76      Furthermore, it must be noted that the figurative elements of the signs at issue do not introduce a lack of visual similarity between those signs since they are ancillary to the word element ‘real’ (see paragraphs 65 and 66 above). Likewise, the word element ‘quality’, which has a secondary position in the sign and is written in a smaller font, does not result in a lack of phonetic similarity. It must be emphasised that, when speaking, the average consumer will tend to abbreviate a mark comprising a number of terms in order to make it easier to pronounce and, moreover, that the average consumer generally takes more note of the beginning of a sign than of its end (judgment of 11 November 2009 in Frag Comercio Internacional v OHIM — Tinkerbell Modas (GREEN by missako), T‑162/08, EU:T:2009:432, paragraph 44).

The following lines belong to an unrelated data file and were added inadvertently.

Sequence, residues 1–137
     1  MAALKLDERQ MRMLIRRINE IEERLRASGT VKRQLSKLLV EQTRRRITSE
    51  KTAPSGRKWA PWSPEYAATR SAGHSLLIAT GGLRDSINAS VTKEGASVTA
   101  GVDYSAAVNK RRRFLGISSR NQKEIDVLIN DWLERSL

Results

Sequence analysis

77      It follows that, in view of the features of the elements comprising the marks at issue, it must be concluded, as did the Board of Appeal, that there is an average visual similarity and an above-average phonetic similarity between the signs at issue considered in their entirety.

–       The conceptual comparison

78      The Board of Appeal stated, in essence, in paragraph 21 of the contested decision, that the marks were conceptually similar since they would be understood by the German consumer as referring to the concept of ‘real’.

79      The applicant disputes that assessment by submitting that the Board of Appeal should have taken account of the word element ‘hand cooked’ for the purpose of the conceptual comparison. According to the applicant, there is no conceptual similarity between the signs ‘real hand cooked’ and ‘real quality’, since each of those signs forms a whole having a distinct conceptual meaning.

80      That argument cannot be accepted. It suffices to note in that respect that the element ‘hand cooked’ is negligible due to its size, with the result that it cannot be considered that the word elements ‘real’ and ‘hand cooked’ form a meaningful whole.